Jo Hadley | What if pain was our friend?
physio, physiotherapist, injury, sport injury, physio sydney, female physio, runnuing
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What if pain was our friend?

What if pain was our friend?

What if pain was our friend? Is this something radical for you? Or are you open to the possibility?

Research has shown that there are no pain receptors in the body only receptors/nociceptors that detect unpleasant stimuli. The unpleasant impulses get sent to the brain areas for processing and it is the brain that determines if you will feel pain or if you do not. The amount of pain we feel is always real to us – I am NOT suggesting it is imagined in any way – but the intensity of pain experienced is NOT dependent upon the amount of damage or problems in the body’s structures. There are countless stories of people who have had no pain when they have suffered a severe injury or conversely people who have experienced horrendous pain with no known cause. There is the famous story of the man who shot a nail through his foot and was brought to hospital in agony only for the hospital staff to remove his boot to discover the nail had gone between his toes. Lorimer Moseley a leading pain researcher has written an interesting book about it called, ‘Painful Yarns: Metaphors & Stories to Help Understand the Biology of Pain.’

Pain has also shown to be influenced by the context it is viewed in, i.e. if we are doing something we love or very important we tend to feel pain less and if we are doing something unpleasant we tend to feel it worse. Pain is experienced as more intense if we have suffered previous painful episodes whether it is physical/emotional/mental/social/spiritual/emotional pain- the brain cannot tell the difference between any of these. Many patients with past issues other than physical have difficulty comprehending that their social/mental/emotional/other physical past pains may be influencing their current physical symptoms. Even current emotional/social/mental /environmental issues can be impacting your perception of your pain. If a dysfunction or pain is not resolving then often other factors are influencing it especially if there is no physical reason for the delay in healing. Most injuries are on their way to full resolution within 6 weeks but if symptoms are worsening or not improving by 12 weeks there are more factors involved than just physical and to keep just treating the physical injury without respect to the other areas may not get you anywhere. These can be difficult and strange ideas to get your mind around…..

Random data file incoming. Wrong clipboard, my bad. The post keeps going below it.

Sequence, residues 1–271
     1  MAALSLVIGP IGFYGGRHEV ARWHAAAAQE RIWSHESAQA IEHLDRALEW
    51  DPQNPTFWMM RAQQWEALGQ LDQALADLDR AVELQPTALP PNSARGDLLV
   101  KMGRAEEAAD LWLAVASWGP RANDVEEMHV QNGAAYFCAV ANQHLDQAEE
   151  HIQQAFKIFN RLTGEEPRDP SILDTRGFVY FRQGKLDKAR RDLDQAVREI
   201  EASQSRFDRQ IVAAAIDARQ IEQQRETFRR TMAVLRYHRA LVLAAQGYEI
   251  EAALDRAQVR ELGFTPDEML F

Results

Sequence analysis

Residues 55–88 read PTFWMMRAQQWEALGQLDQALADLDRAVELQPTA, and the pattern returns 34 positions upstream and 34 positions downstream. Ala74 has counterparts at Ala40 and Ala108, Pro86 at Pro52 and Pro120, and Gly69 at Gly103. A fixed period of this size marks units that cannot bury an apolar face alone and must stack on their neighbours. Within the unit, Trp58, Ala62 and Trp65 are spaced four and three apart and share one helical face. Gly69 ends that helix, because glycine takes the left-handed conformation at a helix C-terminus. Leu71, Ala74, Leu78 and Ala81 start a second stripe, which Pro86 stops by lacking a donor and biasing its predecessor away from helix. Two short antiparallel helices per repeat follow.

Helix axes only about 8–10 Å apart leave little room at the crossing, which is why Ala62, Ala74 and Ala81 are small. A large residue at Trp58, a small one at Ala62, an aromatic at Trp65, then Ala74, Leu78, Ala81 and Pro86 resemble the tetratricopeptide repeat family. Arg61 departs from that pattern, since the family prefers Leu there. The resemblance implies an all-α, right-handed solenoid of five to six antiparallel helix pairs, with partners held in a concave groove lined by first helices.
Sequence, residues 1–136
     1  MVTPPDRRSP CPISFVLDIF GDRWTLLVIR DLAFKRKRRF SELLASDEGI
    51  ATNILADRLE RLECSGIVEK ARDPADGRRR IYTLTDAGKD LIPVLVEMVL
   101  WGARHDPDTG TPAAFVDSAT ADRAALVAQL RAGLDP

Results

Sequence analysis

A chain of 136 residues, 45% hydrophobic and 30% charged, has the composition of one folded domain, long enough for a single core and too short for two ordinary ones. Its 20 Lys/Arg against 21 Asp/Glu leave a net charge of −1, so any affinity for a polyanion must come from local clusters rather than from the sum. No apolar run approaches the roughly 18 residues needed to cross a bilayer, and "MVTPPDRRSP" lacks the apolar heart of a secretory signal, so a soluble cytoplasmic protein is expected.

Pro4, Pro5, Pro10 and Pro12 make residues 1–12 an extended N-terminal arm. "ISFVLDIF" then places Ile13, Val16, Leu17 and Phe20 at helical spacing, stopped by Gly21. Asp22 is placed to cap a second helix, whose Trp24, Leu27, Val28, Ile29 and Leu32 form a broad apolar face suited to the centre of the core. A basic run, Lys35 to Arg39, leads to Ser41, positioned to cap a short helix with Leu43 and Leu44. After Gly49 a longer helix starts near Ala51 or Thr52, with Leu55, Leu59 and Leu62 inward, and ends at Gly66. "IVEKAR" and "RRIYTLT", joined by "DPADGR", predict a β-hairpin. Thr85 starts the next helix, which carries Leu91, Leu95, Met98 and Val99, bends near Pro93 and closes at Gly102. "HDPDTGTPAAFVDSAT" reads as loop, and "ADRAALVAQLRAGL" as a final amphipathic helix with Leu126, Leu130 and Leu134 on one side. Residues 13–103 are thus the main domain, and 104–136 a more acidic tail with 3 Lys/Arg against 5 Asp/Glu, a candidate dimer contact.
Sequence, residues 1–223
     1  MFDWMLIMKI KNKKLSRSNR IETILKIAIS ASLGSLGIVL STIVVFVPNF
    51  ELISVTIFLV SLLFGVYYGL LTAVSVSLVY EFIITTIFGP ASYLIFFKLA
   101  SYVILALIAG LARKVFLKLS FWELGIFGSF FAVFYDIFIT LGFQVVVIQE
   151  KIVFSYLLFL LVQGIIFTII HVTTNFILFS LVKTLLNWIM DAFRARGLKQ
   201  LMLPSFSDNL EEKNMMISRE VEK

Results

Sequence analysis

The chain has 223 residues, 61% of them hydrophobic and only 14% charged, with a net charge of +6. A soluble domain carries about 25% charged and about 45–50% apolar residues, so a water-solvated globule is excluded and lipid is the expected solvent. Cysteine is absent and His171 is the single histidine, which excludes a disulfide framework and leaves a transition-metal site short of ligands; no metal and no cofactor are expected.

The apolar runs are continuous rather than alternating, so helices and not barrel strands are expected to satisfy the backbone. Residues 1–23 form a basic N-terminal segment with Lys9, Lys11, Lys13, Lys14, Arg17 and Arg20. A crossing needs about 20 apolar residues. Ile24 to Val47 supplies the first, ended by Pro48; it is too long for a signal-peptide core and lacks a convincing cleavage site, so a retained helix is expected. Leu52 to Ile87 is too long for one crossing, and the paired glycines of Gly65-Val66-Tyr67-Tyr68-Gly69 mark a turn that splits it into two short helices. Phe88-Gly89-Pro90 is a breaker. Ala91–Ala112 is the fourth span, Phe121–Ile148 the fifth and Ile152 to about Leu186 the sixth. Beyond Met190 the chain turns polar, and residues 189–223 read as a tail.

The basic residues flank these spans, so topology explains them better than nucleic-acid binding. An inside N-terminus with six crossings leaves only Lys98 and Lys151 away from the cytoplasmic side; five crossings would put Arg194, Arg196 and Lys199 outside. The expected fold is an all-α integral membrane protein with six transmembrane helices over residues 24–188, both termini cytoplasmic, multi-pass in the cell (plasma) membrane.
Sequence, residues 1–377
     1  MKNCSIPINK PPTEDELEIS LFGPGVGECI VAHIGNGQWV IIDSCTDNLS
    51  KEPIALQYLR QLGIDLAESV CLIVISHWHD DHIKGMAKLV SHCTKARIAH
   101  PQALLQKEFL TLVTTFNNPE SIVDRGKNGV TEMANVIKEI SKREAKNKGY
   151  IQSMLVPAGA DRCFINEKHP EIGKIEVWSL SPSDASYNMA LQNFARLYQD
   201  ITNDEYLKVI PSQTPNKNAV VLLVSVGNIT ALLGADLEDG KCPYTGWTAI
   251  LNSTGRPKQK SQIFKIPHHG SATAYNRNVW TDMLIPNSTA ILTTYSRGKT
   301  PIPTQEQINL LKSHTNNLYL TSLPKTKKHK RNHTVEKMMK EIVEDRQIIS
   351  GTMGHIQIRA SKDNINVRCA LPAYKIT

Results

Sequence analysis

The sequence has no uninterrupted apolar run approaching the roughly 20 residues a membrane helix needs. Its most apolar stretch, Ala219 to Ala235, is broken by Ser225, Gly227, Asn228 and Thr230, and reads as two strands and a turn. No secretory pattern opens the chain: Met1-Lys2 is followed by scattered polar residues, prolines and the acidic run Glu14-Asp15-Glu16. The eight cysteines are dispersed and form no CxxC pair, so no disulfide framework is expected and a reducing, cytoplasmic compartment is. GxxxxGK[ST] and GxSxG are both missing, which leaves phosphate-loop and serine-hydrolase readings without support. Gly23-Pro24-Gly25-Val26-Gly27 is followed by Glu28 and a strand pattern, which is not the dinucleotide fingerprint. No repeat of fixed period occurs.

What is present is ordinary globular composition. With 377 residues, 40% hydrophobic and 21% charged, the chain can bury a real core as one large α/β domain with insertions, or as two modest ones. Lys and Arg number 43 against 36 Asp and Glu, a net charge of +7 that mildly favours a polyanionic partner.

What is chronic pain then? Pain is a warning system that is detecting danger – yes a physical injury will often be painful and pain is warning for you to be careful, as something needs your attention. In chronic pain the danger sensors have been hypersensitized so they come on sounding their warnings much earlier than needed. Kind of like light motion sensors at your front door coming on early if someone merely passes by at the end of the street, instead of when they are at your front door. This creates hypervigilance within you that ramps up your neurochemicals like adrenaline & cortisol and if they are on for too long and out of balance this creates increased risk of further illness and injury as you immune system is compromised thus healing is compromised and your digestive system and sleep may also be suffering. The longer you experience the pain the harder it is to decrease, as it creates deep pathways in your neural circuits – the nerves that fire together wire together and so become a subconscious pattern that is the ‘go to ‘ reaction for a particular stimulus or trigger.